What you can also see is, why map reduce is so great for doing parallel work. In this case, the map stage could be done by nine mappers in parallel because each map is independent from all the others.
The reduce stage could still be done by three tasks in parallel. One each for orange, blue and one for green.
That means, if your dataset would be 10 times as big and you’d have 10 times the machines, the time to do the calculation would be the same.
How to scale big data systems
Scaling such a Big Data System is quite easy. Because storage and processing is distributed, all you have to do is add more servers to the cluster.
By adding servers, you increase the number of disks available hence the storage capacity. This also results in more available CPUs for increased processing capability of the cluster.
Is MapReduce the right thing for you? There must be a catch, right?
I chose to explain you distributed processing through MapReduce because it is easy to understand. But MapReduce does not stand for distributed processing. It is just one implementation.
Should you use it or look for something else?
MapReduce has been invented for tasks like:
- Analysing server logs to find out what has been going on
- Analysing network traffic logs to identify network problems
- Basically any problem that involves counting stuff in very large files
Here’s the problem with MapReduce:
MapReduce has one big restriction: It is a two step process, map and reduce.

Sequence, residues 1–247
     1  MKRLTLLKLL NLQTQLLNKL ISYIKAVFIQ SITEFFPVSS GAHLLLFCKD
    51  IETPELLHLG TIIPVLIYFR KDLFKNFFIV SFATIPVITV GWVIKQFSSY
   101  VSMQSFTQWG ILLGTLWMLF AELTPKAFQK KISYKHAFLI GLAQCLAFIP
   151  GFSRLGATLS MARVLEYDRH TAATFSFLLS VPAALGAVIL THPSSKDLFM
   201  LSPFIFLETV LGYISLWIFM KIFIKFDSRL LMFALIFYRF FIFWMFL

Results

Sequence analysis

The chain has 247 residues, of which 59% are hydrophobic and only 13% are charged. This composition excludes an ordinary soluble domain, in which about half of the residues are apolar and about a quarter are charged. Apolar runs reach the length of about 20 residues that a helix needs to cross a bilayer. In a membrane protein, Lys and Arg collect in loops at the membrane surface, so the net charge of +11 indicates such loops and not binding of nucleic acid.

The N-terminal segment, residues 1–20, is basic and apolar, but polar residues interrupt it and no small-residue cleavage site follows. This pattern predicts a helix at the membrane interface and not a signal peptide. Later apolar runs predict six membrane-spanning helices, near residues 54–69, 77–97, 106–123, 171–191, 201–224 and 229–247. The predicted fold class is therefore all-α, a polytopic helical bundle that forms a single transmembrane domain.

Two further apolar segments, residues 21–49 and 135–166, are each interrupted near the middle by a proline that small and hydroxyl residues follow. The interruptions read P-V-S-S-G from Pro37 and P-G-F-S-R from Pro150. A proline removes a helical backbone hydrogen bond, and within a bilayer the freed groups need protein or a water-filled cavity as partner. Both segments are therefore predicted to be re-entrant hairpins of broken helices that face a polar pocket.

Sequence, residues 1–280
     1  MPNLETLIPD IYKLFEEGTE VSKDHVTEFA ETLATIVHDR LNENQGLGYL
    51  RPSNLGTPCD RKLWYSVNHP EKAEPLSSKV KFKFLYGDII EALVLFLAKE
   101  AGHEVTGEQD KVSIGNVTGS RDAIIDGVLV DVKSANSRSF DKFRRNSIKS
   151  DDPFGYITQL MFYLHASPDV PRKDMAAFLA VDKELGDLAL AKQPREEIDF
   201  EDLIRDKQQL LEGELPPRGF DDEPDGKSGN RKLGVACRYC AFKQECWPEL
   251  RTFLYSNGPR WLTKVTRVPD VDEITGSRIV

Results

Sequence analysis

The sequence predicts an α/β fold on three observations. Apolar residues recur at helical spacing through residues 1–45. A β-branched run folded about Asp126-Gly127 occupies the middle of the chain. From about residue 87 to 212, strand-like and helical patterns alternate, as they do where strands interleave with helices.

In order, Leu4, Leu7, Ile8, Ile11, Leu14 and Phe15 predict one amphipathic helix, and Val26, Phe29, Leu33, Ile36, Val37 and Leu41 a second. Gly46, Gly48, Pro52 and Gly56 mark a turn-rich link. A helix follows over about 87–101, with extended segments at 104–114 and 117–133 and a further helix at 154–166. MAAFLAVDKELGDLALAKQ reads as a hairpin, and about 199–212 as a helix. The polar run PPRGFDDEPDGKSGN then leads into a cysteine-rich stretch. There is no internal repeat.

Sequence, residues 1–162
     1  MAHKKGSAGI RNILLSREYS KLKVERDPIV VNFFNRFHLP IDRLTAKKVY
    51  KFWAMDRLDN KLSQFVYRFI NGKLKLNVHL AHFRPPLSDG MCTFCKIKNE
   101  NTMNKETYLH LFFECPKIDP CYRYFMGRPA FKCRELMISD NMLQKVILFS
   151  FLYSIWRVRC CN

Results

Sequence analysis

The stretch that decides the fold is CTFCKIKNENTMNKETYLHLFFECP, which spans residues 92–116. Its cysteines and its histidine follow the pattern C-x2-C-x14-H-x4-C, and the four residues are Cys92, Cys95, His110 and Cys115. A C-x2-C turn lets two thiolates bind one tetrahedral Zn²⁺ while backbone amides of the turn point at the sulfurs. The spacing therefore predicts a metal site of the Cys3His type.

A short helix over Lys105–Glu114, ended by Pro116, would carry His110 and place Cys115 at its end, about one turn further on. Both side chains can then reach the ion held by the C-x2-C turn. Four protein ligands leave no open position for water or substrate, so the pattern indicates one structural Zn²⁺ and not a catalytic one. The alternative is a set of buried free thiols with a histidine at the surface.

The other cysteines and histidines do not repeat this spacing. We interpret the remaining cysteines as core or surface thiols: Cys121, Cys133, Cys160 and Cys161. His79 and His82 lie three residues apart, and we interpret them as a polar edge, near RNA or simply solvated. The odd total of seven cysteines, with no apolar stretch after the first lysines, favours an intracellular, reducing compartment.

Once data is processed through the map and reduce phase, it has to be stored again.
If your computation cannot be done in those two steps, you need to do the whole process again. Load the previous results from disk and do another map and reduce run because results cannot be stored in memory and later be used again.
This is where it does not make sense to use MapReduce in my opinion.
Distributed in memory processing with Apache Spark
If you want to do complex stuff like machine learning MapReduce is not the weapon of choice.
Thats why I’ll show you how distributed in memory processing with Apache Spark works. We will go over a Spark example where we analyse Twitch.tv chat and talk about stream and batch processing.
I will also show you a neat trick how you can prototype spark jobs and directly visualise the results.
Follow this link to the view the post: http://iotdonequick.com/2016/08/08/how-everybody-can-harvest-the-power-of-data-mining/